I was recently asked to help a consulting firm work with a client on a very large enterprise-level Agile implementation. The company had gone totally into Agile across the whole company and the Senior Executives were unhappy with the way it was going:
- Many projects were going off track and senior management didn’t feel like they had much visibility and predictability
- They wanted to see if all the development efforts were really well-aligned with the company’s business strategy
- I think this is a typical problem that many companies face for large-scale, enterprise-level Agile implementations.
The problem is that large companies typically have some kind of management infrastructure such as a PMO for managing projects. They also typically have some kind of project portfolio management approach to align projects with the company’s business strategy. And, in many cases, their existing management infrastructure probably isn’t totally compatible with an Agile development approach. The choices are:
- Dismantle the existing management infrastructure and simply implement Agile at a development team level with no guiding management infrastructure. That typically results in problems such as projects going out of control and not being well-aligned with the company’s business strategy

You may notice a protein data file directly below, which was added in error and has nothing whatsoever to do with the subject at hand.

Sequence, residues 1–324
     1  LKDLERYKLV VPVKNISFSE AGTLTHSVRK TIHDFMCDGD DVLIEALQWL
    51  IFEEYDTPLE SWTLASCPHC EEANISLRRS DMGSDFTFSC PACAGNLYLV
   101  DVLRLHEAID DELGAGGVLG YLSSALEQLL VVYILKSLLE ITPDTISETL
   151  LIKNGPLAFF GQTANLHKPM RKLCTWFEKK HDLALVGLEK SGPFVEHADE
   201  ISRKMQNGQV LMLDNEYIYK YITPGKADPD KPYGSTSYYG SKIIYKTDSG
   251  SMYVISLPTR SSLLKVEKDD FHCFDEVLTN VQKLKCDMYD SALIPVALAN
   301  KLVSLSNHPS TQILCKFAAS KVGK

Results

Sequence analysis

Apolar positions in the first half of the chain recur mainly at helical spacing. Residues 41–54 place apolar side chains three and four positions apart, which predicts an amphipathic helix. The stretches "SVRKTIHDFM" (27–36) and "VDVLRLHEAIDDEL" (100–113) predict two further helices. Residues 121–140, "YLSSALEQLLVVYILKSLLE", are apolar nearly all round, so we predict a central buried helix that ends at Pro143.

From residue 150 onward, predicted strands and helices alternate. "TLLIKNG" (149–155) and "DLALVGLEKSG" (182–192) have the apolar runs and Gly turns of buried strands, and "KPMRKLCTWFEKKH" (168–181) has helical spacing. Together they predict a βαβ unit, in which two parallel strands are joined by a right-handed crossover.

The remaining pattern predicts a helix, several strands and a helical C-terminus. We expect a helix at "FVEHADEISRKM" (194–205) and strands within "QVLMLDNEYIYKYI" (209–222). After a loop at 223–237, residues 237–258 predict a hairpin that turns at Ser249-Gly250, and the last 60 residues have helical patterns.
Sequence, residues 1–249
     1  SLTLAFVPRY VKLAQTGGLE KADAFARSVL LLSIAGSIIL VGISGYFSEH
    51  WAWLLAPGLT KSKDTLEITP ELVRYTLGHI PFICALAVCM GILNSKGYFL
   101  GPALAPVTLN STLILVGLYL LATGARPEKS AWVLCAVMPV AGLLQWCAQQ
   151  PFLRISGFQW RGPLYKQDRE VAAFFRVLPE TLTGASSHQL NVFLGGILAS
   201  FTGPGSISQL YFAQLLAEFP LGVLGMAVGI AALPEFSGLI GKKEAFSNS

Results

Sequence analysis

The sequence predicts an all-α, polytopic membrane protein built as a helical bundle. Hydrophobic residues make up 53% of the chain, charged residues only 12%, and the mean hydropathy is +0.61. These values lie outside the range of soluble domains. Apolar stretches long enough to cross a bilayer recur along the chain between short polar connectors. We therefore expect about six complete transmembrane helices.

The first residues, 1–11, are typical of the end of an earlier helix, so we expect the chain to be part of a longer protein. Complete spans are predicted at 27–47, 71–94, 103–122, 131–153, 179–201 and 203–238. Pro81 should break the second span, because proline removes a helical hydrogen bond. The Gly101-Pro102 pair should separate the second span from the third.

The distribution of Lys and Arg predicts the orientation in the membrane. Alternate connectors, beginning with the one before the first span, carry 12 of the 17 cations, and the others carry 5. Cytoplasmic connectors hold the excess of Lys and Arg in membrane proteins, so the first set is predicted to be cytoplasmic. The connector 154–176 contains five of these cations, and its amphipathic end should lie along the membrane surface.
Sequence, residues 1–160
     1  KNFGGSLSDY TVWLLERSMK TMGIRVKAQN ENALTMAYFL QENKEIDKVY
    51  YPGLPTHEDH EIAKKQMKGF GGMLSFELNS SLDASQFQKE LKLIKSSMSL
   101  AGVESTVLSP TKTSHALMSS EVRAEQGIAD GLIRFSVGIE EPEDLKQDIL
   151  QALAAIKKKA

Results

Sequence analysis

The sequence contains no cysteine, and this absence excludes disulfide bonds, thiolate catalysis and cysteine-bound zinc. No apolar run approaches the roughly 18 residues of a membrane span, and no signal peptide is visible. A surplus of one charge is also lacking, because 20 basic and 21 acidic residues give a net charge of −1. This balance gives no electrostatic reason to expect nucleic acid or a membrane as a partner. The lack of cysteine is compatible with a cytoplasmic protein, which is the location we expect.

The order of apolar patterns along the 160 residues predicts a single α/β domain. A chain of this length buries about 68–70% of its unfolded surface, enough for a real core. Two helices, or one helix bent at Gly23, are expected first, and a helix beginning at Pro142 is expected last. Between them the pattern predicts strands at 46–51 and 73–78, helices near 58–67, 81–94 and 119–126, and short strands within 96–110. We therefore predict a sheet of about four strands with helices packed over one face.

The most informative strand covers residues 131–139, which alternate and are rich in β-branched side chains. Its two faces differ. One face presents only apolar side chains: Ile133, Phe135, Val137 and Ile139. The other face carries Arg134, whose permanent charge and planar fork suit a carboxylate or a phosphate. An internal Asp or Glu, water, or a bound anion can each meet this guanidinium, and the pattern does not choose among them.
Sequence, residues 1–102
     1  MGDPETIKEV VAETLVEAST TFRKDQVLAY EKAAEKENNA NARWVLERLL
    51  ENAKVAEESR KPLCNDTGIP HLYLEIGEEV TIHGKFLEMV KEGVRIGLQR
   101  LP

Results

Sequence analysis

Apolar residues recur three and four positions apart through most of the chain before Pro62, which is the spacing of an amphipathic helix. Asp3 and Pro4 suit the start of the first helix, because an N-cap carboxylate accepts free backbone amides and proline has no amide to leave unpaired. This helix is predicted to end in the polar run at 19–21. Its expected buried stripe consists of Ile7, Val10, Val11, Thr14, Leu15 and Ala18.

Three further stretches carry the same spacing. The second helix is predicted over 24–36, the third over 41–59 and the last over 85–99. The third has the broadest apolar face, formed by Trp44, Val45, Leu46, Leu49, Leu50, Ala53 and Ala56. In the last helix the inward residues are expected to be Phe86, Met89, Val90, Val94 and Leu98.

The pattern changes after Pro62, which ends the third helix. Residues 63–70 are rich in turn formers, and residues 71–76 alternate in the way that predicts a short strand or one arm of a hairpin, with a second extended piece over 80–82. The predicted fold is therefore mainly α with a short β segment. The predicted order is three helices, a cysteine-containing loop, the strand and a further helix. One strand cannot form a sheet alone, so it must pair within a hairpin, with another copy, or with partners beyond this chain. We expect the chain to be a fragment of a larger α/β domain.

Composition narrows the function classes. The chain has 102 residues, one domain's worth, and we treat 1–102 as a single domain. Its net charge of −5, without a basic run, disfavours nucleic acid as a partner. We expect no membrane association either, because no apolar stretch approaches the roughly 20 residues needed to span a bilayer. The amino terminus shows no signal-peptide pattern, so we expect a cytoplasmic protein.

- Implement a new top-to-bottom Agile management approach such as the Scaled Agile Framework. This is a good solution but requires a major redefinition of the company’s management infrastructure. And, some companies are just not ready to make that kind of gut-wrenching change.
- Implement a “bridge” between the existing management infrastructure and the Agile development approach. This might involve using a hybrid management approach overlaid on top of the Agile development process.
Higher Levels of Management
The most important point is that you can’t ignore the need for these higher levels of management. Implementing Agile as a development process only without defining some way that it integrates with the company’s overall business strategy may not be effective. The choices look something like this:
This can be a difficult thing to do because standard Agile methodologies such as Scrum do not provide much guidance above the development team level. And, there are a number of choices at each of these levels. At each level, there is a choice of implementing a more Agile or a more traditional, plan-driven management approach. It is somewhat like a chess game as shown in the diagram below:
Potential Enterprise-level Agile Frameworks
Here’s how I would position some of the frameworks for filling this need:
The three frameworks shown above are:
- My own Managed Agile Development model
- Scott Ambler’s Disciplined Agile Delivery model
- Dean Leffingwell’s Scaled Agile Framework (SAFe)
You will find much more detail on this in my Online Agile Project Management Training.